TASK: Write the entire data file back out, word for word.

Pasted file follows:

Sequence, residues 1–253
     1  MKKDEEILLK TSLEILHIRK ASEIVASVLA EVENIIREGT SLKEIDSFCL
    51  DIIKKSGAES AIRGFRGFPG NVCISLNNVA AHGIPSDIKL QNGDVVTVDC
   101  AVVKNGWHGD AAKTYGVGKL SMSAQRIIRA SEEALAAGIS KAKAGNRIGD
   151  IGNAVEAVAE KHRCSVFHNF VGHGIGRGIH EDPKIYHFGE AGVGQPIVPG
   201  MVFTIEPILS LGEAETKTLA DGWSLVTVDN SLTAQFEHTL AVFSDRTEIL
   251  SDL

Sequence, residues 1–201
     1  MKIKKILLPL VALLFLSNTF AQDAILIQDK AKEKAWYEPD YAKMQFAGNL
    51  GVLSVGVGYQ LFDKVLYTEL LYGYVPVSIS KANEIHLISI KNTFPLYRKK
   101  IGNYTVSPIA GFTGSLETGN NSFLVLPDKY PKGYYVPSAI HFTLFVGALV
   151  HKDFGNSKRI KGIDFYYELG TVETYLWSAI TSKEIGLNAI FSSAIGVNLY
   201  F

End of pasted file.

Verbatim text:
Sequence, residues 1–253
     1  MKKDEEILLK TSLEILHIRK ASEIVASVLA EVENIIREGT SLKEIDSFCL
    51  DIIKKSGAES AIRGFRGFPG NVCISLNNVA AHGIPSDIKL QNGDVVTVDC
   101  AVVKNGWHGD AAKTYGVGKL SMSAQRIIRA SEEALAAGIS KAKAGNRIGD
   151  IGNAVEAVAE KHRCSVFHNF VGHGIGRGIH EDPKIYHFGE AGVGQPIVPG
   201  MVFTIEPILS LGEAETKTLA DGWSLVTVDN SLTAQFEHTL AVFSDRTEIL
   251  SDL

Sequence, residues 1–201
     1  MKIKKILLPL VALLFLSNTF AQDAILIQDK AKEKAWYEPD YAKMQFAGNL
    51  GVLSVGVGYQ LFDKVLYTEL LYGYVPVSIS KANEIHLISI KNTFPLYRKK
   101  IGNYTVSPIA GFTGSLETGN NSFLVLPDKY PKGYYVPSAI HFTLFVGALV
   151  HKDFGNSKRI KGIDFYYELG TVETYLWSAI TSKEIGLNAI FSSAIGVNLY
   201  F